The U.S. Senate has rejected construction of a controversial pipeline to transport Canadian oil to American refineries. The $5 billion project still could be approved next year, but it faces a possible veto by President Barack Obama. As VOA’s Michael Bowman reports, the pipeline has exposed deep divisions in Congress about America’s energy future.
Video

Video Can Minsk Cease-fire Agreement Hold?

Growing tensions between government troops and separatists in eastern Ukraine further threaten a cease-fire agreement reached two months ago in the Belarusian capital of Minsk. Critics of U.S. policy in Ukraine say it is time the Obama administration gives up on that much-violated cease-fire and moves toward a new deal with Russia. VOA's Scott Stearns has more.
Video

Video Chaos, Abuse Defy Solution in Libya

The political and security crisis in Libya is deepening, with competing governments and, according to Amnesty International, widespread human rights violations committed with impunity. VOA’s Al Pessin reports from London.
Video

Video US Hosts Record 866,000 Foreign Students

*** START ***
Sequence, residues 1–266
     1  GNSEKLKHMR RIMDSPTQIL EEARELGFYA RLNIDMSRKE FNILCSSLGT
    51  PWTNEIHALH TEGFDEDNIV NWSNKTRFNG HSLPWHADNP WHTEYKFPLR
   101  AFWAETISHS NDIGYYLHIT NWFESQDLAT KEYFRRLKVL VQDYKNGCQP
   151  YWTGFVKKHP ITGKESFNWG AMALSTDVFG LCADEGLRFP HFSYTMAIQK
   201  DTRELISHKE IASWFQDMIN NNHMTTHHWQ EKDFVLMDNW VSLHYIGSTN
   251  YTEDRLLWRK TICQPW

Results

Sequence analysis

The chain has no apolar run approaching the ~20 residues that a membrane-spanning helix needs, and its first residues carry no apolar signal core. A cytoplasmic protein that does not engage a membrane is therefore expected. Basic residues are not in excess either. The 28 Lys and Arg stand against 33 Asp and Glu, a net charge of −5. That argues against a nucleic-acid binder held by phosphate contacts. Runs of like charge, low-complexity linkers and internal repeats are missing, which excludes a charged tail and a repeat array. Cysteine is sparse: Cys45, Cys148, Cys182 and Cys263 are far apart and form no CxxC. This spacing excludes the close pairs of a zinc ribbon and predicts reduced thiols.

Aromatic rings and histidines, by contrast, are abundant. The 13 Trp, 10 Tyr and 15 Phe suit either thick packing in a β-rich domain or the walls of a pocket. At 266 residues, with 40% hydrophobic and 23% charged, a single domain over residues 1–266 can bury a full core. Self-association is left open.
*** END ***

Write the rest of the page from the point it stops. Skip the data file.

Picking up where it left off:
Close to 900,000 international students are studying at American universities and colleges, more than ever before. About half of them come from Asia, mostly China. The United States hosts more foreign students than any other country in the world, and its foreign student population is steadily growing. Zlatica Hoke reports.
Video

Video Ferguson Church Grapples with Race Relations

Many white residents of Ferguson, Missouri, say they chose to live there because of the American Midwest community's diversity. So, they were shocked when a white police officer killed an unarmed black teenager in August – and shaken by the resulting protests and violence. Some local churches are leading conversations on how to go forward. VOA’s Ayesha Tanzeem reports.

All About America

AppleAndroid